Spinal stenosis is a by-product of wear and tear on the spine. It’s common later in life, but not inevitable.
What Is Spinal Stenosis?
Spinal stenosis occurs when the space within the spine narrows, putting pressure on nerves of the spinal cord, which can have a far-reaching effect. This compression commonly occurs in the neck or cervical spine and the lower back or lumbar spine.
How Can You Tell If You Have Spinal Stenosis?
A doctor’s evaluation is essential for properly diagnosing spinal stenosis — especially since some people suffer from spinal stenosis without obvious symptoms.
Spinal Stenosis Symptoms Include:
- Pain, including neck pain
- Muscle weakness
- Balance and walking issues
Numbness, tingling, and pain from spinal stenosis can occur in areas other than the back. Spinal stenosis can lead to numbness, weakness, and tingling in the hands, arms, feet, or legs.
What Causes Spinal Stenosis?
The spine protects the spinal cord. While some people naturally have a small spinal canal, spinal stenosis usually forms later in life when something happens that narrows the space around the spinal cord, such as an overgrowth of bone. Wear and tear from osteoarthritis can cause bone spurs in the spinal canal. Paget’s disease can also cause bone overgrowth.
Herniated disks can also cause spinal stenosis. Disks act as shock absorbers between the vertebrae of the spine. Age can cause them to dry out, causing cracks, and injuries can lead to compression. Ligaments that thickened and stiffen with age can bulge into the spinal canal. Tumors and spine injuries can also lead to spinal stenosis.
Is Spinal Stenosis Serious? What Happens If You Don’t Treat It?
Yes, because continuous pressure on the spinal cord can eventually cause nerve damage and have far-reaching effects such as loss of bladder control or bowel control. Untreated spinal stenosis can lead to dire consequences. The pain and sense of weakness it can cause often contributes to an increasingly sedentary lifestyle, resulting in a diminished quality of life. Lack of treatment can cause permanent nerve damage to the point of disability. If treatment is still ignored, spinal stenosis can eventually lead to paralysis and/or death.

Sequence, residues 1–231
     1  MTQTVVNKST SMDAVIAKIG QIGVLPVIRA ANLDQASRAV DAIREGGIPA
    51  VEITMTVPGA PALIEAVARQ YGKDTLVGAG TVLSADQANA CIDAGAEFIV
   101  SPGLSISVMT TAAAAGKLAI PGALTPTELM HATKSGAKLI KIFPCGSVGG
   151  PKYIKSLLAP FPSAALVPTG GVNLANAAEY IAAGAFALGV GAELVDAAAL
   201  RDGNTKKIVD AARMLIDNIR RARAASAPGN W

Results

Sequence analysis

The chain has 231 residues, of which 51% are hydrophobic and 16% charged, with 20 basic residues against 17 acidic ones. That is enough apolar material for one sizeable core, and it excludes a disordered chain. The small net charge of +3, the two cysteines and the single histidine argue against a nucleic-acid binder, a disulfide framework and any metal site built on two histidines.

What Is the Best Treatment for Spinal Stenosis?
“Best” depends upon the severity of the spinal stenosis and the patient’s other medical conditions. Stretches, exercises, and physical therapy can help in many cases. For more severe cases, steroid injections and surgery might be necessary. Medication options can range from anti-inflammatories to opioids for pain, depending upon the circumstances.
Spinal decompression is the goal of many of these treatment options. Chiropractic treatment and manual spinal decompression can also treat spinal stenosis.
Can Exercise Help Spinal Stenosis?
Yes, because exercises will remove pressure from the spine by strengthening the muscles surrounding it. Exercise can also improve flexibility, preventing muscle tightness that can make pain from spinal stenosis worse.
Talk to Total Chiropractic Care and Wellness
If you want to maintain good health for sports – or need help recovering from a car accident – chiropractic care can help, contact us at Total Chiropractic Care. You will receive a comprehensive evaluation to determine if it’s the right solution for your needs and when. Dr. Goldman creates treatment plans that incorporate pain management services as well as general lifestyle recommendations to help you live the best life you can. Contact us today.